As previously noted, the government debt skyrocketed $339 billion the first day after the debt ceiling was lifted via the spending deal. Now, after 10 days (Nov 12), the total new debt has reached $462 billion.
The initial spike was the result of replenishing the funds that have been total new debt”>”frozen”. “The government began bumping up against the debt limit in March and was borrowing from other funds — using “extraordinary measures” — to keep from breaching the $18.1 trillion level. Treasury Secretary Jacob Lew was able to stretch that borrowing through the end of October.”
The $339 one-day splurge was the greatest Treasury jump ever recorded, but still comparable to actions in recent years. In August 2011, after a negotiation was reached, the Treasury debt increased $238 billion on one day; likewise, in 2013 in a similar scenario, the debt rose $328 billion on one day.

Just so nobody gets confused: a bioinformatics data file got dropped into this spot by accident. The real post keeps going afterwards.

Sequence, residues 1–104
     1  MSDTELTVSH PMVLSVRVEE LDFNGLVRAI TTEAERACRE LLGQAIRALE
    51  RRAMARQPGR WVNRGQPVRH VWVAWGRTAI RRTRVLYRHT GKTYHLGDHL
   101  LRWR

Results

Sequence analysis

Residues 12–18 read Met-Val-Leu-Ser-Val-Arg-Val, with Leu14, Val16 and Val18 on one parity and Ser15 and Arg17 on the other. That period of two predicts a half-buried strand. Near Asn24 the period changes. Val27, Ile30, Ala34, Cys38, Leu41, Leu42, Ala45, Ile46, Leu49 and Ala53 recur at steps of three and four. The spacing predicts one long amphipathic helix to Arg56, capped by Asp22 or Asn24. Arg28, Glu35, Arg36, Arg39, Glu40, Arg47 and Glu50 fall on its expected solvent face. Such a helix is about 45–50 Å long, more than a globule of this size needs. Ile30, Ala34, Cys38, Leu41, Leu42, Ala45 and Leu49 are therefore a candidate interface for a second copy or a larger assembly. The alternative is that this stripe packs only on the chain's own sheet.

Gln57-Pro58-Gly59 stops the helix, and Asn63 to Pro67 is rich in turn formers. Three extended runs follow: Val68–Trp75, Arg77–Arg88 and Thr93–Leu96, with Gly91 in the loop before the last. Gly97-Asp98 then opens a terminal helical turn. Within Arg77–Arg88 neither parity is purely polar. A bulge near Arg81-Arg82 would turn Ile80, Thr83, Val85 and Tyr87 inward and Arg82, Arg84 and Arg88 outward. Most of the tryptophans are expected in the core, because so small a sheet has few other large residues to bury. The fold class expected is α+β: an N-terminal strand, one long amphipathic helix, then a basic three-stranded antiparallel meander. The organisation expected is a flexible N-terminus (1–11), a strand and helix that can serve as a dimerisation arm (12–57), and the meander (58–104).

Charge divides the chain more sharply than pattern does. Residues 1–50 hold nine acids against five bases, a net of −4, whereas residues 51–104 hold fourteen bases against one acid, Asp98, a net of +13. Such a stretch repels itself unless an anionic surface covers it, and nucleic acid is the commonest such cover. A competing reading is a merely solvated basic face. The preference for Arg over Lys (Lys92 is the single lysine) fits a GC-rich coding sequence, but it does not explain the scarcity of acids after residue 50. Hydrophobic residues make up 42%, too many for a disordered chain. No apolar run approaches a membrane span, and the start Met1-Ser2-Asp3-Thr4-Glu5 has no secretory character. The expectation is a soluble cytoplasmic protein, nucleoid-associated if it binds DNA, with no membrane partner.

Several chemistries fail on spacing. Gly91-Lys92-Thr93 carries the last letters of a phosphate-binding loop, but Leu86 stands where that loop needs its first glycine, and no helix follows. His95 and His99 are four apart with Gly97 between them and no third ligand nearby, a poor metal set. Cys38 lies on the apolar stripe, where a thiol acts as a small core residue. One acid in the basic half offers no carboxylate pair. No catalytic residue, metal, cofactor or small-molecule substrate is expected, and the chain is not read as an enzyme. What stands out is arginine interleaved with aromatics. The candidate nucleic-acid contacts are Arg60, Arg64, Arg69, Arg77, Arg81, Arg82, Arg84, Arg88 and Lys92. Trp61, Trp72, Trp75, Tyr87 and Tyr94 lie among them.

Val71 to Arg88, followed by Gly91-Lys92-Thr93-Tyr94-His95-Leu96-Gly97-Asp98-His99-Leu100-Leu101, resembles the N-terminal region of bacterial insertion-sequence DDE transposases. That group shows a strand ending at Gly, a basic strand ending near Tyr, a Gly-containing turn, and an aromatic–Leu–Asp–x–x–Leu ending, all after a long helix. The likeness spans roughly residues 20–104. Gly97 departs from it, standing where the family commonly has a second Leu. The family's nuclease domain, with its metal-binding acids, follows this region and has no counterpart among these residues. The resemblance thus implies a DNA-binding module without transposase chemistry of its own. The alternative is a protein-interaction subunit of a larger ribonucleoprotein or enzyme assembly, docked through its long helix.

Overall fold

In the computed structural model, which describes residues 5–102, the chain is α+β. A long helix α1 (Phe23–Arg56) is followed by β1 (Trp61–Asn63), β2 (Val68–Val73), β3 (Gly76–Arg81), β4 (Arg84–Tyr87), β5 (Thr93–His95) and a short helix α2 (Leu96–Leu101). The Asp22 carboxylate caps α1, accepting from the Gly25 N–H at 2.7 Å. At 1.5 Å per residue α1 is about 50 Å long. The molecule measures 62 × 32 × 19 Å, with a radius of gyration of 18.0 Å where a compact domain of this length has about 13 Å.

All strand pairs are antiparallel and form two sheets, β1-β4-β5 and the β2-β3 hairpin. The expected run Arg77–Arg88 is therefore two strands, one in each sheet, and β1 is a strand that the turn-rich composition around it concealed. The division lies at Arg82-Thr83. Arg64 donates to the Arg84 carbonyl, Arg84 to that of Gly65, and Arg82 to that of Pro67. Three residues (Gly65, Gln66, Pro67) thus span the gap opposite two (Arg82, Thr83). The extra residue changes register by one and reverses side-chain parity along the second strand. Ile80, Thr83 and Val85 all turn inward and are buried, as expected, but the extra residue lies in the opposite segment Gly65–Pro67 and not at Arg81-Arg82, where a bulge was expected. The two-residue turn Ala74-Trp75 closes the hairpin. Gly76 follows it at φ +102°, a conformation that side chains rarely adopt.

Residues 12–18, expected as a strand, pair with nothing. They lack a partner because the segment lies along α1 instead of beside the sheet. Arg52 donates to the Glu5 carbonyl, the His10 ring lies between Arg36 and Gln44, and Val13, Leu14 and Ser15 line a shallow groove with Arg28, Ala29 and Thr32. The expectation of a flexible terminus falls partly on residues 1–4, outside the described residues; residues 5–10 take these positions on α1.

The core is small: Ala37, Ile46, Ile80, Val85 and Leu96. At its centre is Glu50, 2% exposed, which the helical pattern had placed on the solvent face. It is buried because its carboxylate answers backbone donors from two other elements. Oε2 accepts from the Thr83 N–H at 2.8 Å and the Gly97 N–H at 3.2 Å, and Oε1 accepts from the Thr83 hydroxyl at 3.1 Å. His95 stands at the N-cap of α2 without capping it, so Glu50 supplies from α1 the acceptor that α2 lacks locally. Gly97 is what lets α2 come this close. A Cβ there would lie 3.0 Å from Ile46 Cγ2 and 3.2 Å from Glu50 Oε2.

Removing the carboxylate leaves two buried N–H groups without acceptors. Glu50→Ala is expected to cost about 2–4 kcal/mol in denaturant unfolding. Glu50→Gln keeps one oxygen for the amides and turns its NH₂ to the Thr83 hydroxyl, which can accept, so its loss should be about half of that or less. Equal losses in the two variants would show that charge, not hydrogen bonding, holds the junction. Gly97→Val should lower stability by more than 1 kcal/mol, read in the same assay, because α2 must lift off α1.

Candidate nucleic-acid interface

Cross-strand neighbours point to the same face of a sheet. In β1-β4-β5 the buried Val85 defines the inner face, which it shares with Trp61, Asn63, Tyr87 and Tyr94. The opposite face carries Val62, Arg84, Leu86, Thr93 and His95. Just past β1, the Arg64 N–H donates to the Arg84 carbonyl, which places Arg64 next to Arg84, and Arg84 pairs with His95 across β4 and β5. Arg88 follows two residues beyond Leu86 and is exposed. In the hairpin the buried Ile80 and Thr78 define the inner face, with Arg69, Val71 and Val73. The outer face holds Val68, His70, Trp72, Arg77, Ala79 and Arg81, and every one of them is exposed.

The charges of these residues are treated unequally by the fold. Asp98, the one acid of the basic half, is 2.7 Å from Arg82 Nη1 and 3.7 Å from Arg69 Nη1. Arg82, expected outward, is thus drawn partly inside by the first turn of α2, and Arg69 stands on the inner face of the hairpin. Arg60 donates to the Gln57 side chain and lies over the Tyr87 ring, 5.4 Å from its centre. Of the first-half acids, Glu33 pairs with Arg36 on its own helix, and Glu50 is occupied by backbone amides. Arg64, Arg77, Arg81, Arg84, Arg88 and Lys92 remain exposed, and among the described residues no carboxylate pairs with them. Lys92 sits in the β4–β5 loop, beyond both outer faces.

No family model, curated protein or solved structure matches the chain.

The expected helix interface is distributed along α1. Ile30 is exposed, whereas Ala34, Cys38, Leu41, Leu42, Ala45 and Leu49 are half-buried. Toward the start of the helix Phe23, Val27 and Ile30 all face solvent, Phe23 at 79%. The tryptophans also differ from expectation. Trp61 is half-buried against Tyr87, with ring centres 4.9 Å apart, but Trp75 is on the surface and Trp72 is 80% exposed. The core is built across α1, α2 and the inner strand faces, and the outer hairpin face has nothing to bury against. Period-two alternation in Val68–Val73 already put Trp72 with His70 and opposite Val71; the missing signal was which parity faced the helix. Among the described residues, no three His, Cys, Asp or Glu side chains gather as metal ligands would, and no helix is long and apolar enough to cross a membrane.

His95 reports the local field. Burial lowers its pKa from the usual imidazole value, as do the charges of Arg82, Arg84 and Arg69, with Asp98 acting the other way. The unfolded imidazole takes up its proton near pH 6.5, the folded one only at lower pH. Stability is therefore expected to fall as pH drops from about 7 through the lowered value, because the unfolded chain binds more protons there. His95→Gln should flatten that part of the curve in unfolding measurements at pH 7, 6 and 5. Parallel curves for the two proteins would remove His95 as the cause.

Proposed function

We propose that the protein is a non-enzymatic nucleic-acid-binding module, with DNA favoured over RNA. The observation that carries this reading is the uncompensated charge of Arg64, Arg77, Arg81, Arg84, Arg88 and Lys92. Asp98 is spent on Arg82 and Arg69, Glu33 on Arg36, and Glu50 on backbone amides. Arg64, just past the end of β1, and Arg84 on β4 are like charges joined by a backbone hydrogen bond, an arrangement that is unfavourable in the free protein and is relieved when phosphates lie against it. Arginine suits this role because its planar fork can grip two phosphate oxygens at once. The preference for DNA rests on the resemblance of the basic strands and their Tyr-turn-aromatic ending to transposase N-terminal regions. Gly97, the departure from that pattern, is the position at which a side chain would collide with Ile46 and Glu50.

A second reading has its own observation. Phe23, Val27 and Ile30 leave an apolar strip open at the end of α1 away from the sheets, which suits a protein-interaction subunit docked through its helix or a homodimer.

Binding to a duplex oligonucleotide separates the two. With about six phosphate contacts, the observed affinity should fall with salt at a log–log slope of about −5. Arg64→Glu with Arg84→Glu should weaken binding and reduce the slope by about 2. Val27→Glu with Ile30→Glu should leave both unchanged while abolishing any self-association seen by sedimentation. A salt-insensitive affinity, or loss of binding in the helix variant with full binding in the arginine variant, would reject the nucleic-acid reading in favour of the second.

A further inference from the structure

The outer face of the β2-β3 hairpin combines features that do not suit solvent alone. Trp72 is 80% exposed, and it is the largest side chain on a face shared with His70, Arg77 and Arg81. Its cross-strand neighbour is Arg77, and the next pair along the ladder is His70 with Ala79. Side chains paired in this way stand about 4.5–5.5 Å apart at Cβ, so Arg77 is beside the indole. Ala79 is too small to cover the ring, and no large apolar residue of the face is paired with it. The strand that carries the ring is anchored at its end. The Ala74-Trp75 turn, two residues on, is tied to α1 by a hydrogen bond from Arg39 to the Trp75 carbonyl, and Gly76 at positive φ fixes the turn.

Of what does the $339 consist? “About $199 billion is public debt, which is money borrowed from outside sources, and $140 billion is borrowing from within government accounts. As of Monday, the gross total debt stood at $18.6 trillion, with $13.4 trillion of that public debt borrowed from the outside.”
By the end of Obama’s presidency, government debt is projected to be about $20 trillion — nearly double that which existed when Obama became President ($10.6 trillion). Already, the government is running a deficit. 1 month in to the fiscal year (beginning October 1), spending exceeded revenues by $136 billion. “up 12 percent compared with the previous October, as spending ballooned and taxes remained nearly flat. It was the worst October since 2010, when the government was still spending on the stimulus and was on pace for a deficit of more than $1 trillion that year.”
The situation looks mighty bleak right now.